By Jamie Swinnerton
By Mark Antonation
By Lori Midson
By Jonathan Shikes
By Amber Taufen
By Cafe Society
By Juliet Wittman
By Jonathan Shikes
"I'm eating ham now instead of bologna," the customer quips.
"Pretty soon you'll be eating steaks!" Wayne counters.
During lulls, he sips black coffee from a Styrofoam cup and sneaks to the back room to pull from a half-smoked Tareyton cigarette at rest in a Camel ashtray. "Us Tareyton smokers would rather fight than switch!" went the slogan, popular in newspapers, magazines and television commercials during the '60s and '70s. He reminisces about the old neighborhood, before the closing of Cricket on the Hill next door in 2007 and Gabor's just across the alley in January, back when the dispensary on the corner of Marion was a head shop and Nicolo's was little more than a five-foot-long counter and standing room for a few — the days when neighboring slumlords offering weekly rentals and a pay phone on the corner meant prostitutes and their johns would come in for beers and the drug dealers for soda.
"Doctors, lawyers, ex-cons in ankle bracelets, prostitutes, pimps, drug dealers, tweakers — we've seen it all," he recalls. "This was the best show in town on a Saturday night. Colorful, so very colorful."
Before pouring all of their time and money into the Superette — throughout their run, Wayne and Eva kept one, maybe two other employees at a time; most familiar was Ron, an ex-con himself who started seven and a half years ago and has remained until the end — Wayne and Eva loved to dance: the jitterbug, swing, Mexican polka. They met in the early '90s at the now-shuttered Club 56 on North Washington. "It was a nice place to hang out and dance," Wayne remembers. He was there with a date; Eva was alone. Every time Wayne's date went to the bathroom, Eva came over to talk to him and ask him to dance. "She really wanted me," Wayne brags. That night, he left with his date, but a week later he returned without. They married after five years.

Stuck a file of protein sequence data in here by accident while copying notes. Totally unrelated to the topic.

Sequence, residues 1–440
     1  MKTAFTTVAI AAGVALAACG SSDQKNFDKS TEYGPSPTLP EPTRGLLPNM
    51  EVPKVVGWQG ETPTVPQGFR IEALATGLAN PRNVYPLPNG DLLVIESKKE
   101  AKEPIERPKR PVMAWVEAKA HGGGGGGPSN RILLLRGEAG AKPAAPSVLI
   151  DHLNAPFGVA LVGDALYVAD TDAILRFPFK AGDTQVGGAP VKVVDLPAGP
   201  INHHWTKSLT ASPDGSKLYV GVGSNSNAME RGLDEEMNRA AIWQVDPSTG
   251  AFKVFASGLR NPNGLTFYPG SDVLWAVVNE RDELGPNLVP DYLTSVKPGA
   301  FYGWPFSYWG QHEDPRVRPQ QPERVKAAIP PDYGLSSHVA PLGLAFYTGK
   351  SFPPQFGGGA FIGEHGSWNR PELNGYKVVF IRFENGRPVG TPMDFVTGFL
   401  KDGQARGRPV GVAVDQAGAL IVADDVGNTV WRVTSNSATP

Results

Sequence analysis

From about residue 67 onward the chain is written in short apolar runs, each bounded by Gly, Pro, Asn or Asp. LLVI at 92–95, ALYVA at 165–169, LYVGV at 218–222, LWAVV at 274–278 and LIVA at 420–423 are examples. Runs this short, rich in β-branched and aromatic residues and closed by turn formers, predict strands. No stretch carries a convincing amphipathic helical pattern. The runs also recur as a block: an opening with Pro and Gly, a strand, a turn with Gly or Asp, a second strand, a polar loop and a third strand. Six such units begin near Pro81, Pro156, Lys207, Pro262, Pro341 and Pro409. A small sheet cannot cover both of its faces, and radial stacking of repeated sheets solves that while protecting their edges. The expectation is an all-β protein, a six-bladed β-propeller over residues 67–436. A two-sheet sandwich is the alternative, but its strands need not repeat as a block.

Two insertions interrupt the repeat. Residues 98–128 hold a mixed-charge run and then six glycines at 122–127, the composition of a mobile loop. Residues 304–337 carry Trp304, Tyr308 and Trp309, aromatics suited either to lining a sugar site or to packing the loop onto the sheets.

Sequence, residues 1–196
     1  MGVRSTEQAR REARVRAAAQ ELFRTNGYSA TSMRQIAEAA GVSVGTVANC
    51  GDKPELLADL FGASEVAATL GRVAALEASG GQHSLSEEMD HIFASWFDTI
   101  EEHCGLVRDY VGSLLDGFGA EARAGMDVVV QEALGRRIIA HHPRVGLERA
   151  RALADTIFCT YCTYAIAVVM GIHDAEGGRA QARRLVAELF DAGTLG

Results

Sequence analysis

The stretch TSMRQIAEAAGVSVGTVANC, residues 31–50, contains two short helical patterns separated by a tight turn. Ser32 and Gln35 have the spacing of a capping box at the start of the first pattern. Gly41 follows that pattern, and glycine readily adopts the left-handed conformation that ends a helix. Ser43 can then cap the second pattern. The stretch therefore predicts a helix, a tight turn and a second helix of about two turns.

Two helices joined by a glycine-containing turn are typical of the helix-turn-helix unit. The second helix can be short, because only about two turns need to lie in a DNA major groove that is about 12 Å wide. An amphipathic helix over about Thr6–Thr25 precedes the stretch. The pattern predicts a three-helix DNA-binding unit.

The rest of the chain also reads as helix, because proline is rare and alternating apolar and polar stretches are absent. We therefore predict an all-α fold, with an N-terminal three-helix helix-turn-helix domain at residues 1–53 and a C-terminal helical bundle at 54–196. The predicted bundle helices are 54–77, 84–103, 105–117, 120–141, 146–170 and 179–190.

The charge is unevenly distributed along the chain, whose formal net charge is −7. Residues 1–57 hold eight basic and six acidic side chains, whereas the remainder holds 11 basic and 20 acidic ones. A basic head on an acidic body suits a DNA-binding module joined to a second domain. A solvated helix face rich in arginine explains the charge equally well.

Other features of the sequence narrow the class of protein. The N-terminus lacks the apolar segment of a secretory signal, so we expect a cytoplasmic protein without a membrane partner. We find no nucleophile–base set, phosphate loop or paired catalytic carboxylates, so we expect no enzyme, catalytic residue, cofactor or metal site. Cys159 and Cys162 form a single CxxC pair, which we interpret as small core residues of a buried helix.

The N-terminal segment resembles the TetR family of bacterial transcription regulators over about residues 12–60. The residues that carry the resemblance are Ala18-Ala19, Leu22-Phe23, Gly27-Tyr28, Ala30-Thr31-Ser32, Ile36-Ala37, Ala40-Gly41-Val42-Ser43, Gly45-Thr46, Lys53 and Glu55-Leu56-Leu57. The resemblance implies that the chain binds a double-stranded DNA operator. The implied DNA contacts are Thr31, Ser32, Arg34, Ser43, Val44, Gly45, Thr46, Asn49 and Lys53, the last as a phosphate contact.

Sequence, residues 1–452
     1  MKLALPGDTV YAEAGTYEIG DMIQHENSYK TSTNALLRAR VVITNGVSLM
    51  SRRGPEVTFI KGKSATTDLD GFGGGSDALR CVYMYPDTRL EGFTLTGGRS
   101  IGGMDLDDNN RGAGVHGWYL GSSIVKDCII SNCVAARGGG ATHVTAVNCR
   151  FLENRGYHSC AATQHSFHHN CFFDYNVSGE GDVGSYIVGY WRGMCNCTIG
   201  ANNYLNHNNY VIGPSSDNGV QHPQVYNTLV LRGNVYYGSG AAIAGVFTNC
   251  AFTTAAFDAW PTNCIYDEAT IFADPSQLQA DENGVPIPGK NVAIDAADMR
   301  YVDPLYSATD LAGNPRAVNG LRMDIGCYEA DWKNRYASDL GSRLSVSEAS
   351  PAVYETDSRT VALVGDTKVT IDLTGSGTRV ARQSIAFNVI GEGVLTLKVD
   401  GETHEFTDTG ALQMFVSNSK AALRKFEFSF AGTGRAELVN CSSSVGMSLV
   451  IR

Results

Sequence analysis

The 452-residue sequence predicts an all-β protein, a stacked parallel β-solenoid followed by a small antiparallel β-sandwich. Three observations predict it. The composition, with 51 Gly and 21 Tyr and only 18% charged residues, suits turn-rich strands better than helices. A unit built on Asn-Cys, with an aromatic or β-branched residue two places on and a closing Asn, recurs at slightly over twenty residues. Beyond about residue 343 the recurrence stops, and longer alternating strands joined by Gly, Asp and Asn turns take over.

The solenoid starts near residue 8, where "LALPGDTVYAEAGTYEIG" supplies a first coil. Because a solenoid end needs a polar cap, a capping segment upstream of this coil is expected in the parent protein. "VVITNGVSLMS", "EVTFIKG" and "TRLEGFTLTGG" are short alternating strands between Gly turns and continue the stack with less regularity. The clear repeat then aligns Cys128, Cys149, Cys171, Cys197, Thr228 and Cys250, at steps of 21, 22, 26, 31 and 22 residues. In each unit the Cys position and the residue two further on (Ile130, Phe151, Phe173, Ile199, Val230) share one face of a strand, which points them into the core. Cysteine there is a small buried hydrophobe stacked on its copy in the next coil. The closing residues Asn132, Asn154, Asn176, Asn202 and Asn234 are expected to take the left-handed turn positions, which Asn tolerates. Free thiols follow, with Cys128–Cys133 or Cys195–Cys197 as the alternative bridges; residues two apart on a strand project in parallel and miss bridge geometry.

Now, sixteen years later, they might finally have the time to dance again. Before signing a new lease — maybe in Uptown? Definitely not on Colfax — Wayne says they'll probably take a few months off. Catch up on some movies. Ride their Schwinn cruiser bicycles together. "This place has really been our life," Wayne says. "It's the most fun job I've ever had. We've both really enjoyed it. And you know, we're not rich people. We're just working people. We just make a living, that's all."